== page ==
Monday, June 24, 2019

503 to 520: Portland Native Brings Meaningful Music to Tucson

Posted By on Mon, Jun 24, 2019 at 1:19 PM

click to enlarge 503 to 520: Portland Native Brings Meaningful Music to Tucson
Courtesy Photo
A 20-year-old Portland, Oregon native is bringing a fresh voice and vibe to the Tucson desert. Shekinah Camille comes in many forms. They are a singer, songwriter, musician, DJ, burlesque performer and avid voice for the black and queer communities.

Camille recently performed at the Juneteenth Festival on Saturday, June 15, 2019 at the Tucson Convention Center. During the event, which celebrated the abolishment of slavery in Texas and most of America on June 19, 1865, Camille, who identifies as non-binary, brought intersectionality to the black community in Tucson by premiering a self-produced video. This video brought visibility to the queer black Tucson community through interviews with those within the community.

“I was tasked this year, which I thought was really cool, to create a presentation representing black, queer folks in Tucson. And it's because a lot of the time—in the black community—our queerness is kind of silenced and pushed aside and just, like tolerated and not celebrated,” Camille said.

Queer representation is something that hasn’t been introduced to Tucson’s annual Juneteenth festival until now.

“This year they decided that it's a good time to acknowledge and to represent queer voices in the black community. And also a lot of them are my friends.” Camille said. “I got a couple of folks together and we're just going to represent us and represent just beautiful, beautiful black queerness for the first time at Juneteenth.”

Camille brings that representation to their music as well. With influences such as Ella Fitzgerald, Dee Dee Bridgewater, Erykah Badu and Lalah Hathaway, Camille shares their experience through soulful, R&B melodies. Acoustic sounds mix with their voice as they grace the stage with a guitar as well.

“I feel that the way that I approach my music and my art and the things that I do that fill my heart are going to be representative of me. So I'm going to make sure that my children can live in a world where if they are gay, if they are non binary, if they're under the trans umbrella, if they are artists—if they don't want to be—like super rich corporate people and they just want to do like humble community work, I want to create a space for them where they can actually do that,” Camille said. “And it’s neither good or bad. It just is.”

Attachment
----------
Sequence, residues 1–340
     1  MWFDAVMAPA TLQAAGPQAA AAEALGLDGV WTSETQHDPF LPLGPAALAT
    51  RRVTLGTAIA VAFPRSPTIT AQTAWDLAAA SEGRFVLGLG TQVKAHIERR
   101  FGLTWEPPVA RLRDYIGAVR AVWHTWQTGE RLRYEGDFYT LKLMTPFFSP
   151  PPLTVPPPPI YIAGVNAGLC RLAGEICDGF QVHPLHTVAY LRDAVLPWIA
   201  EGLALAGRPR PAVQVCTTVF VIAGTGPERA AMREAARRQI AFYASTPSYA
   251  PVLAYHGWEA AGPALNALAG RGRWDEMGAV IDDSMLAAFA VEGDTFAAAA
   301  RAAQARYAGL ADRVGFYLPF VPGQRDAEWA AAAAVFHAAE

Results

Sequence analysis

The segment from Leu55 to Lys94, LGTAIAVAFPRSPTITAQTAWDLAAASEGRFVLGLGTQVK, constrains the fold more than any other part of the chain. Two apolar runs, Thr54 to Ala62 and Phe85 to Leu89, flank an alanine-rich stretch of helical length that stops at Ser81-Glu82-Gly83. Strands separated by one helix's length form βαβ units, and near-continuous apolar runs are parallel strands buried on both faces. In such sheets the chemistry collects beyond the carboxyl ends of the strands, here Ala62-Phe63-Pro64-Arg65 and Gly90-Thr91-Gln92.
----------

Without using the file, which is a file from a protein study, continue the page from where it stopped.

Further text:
Camille’s music also brings mental health into the picture. In their most recent single, “The Wave,” Camille describes their experience with depression.

“It was about not being able to control how I'm feeling, but letting go of the need to control it, which was causing my suffering ‘cause I knew I couldn't control the thoughts that were coming into my mind,” Camille said. “So essentially just riding the wave of life and of those emotions and taking that and just letting go.”

Kevin Hamilton, founder of the production business Southwest Soul Circuit and producer of “The Wave,” praises working with Camille.

“Shekinah’s one of the best people I’ve ever worked with—very intuitive when it comes to creating,” Hamilton said.

For now, “The Wave” is only available through physical copies. While they plan to release it online eventually, Camille has reasons as to why they’re waiting.

“The decision not to stream it honestly really comes from me looking at the way a lot of artists release their music and the ways in which I value my music,” Camille said. “And the reason I do my music isn't to become famous and to reach success and to reach all these listeners. I just want [to] truly impact every person that hears it.”

Camille is also working on their debut studio album.

“I have technically all of the songs written and the demos are recorded. I just need to get into the studio and you know, record them,” Camille said. “I can't make art that doesn't speak to the humanity of folks because that's where I do it from.”

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